Rise of Alternative Medical Practitioners in Canada Could be Beneficial for Primary Care Providers
A new study reveals a recent rise in patients seeking treatment among alternative health providers which Dr. Rick Glazier, Professor at the University of Toronto Department of Family Community Medicine (DFCM), describes as an interesting phenomenon.
Dr. Glazier was a member of the thesis committee that oversaw the development of the study titled “Changes in the Use of Practitioner-Based Complementary and Alternative Medicine Over Time in Canada: Cohort and Period Effects.” In it, researchers sought to determine whether visits to alternative medical practitioners had risen in the last two decades. Using data from the last 16 years from the Canadian National Population Health Survey, the researchers targeted ten Canadian provinces.
The study observed the increase in the use of different types of healthcare services outside of the traditional realm which includes: Massage therapy, acupuncture, chiropractic, homoeopathy and naturopathy. The use of acupuncture and homoeopathy has grown over time, but chiropractic use has not changed. New providers have emerged in the realm of naturopathy, acupuncture and massage therapy which would explain their growing popularity. Dr. Glazier points to the rise of chronic and pain-affecting conditions as strong predictors of the rise of alternative medicine.
“A growing consumer-healthcare movement has encouraged individuals to take proactive steps in taking care of themselves,” says Dr. Glazier, “Those observed in the study did make use of conventional medicine and regularly consulted with their primary care physicians and specialists but had higher odds of meeting with alternative health care providers.”
Alternative medicine has been aptly associated with the use of non-regulated medication sold in stores but its actual definition also expands to practices like acupuncture, massage therapy and naturopathy. Dr. Glazier is not quick to dismiss the consequences of undergoing those types of treatments but does tread lightly with alternative medicine’s benefits.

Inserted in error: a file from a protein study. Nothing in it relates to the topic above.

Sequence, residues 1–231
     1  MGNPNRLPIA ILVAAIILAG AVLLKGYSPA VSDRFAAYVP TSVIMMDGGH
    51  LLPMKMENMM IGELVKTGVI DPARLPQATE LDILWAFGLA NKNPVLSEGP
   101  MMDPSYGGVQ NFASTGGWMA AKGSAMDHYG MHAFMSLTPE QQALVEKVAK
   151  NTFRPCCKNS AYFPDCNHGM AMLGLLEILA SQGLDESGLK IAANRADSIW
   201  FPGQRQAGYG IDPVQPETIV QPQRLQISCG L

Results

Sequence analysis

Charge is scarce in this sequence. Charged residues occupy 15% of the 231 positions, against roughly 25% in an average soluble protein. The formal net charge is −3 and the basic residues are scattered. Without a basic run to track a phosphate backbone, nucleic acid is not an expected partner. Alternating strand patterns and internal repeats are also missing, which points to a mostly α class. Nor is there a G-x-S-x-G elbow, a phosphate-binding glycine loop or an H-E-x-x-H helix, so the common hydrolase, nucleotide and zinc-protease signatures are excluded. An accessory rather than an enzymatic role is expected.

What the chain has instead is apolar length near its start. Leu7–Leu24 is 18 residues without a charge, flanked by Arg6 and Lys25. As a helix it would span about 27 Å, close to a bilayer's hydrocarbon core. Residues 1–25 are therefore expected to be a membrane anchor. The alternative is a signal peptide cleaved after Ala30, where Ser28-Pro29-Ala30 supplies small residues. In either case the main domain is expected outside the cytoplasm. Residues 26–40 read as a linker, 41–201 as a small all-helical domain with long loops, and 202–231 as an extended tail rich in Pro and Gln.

“It’s not good or bad. Alternative medicine’s popularity is an alternative to standard western medicine. For many health conditions, like chronic diseases, we have many remedies and ways to take care of patients but there’s a limit to what we can do when people have exhausted the mainstream approaches. If someone gets a massage for lower back pain, I don’t know how a family physician would object to that. The alternative could be opioids.”
In his clinic, Dr. Glazier has seen first-hand the benefits of alternative medical practitioners. Some patients often suffer from a painful chronic disease for which there is no new or safe drug to prescribe. One of his patients had seen a naturopath that had focused predominantly on the psychological distress of the patient’s condition rather than her disease state. After several visits to the naturopath, she was feeling much better. On the one hand, Dr. Glazier states that while these providers have a weaker evidence base, they often operate on a personal rather than medical basis.
“As physicians, we are more worried about people who are living with aggressive illnesses and seek expensive supplements, harmful treatments or just choose to delay treatment. When it comes to alternative medicine, I have heard all kind of stories from both sides. Ultimately, physicians need to encourage their patients to discuss any treatment method as part of their care plan.”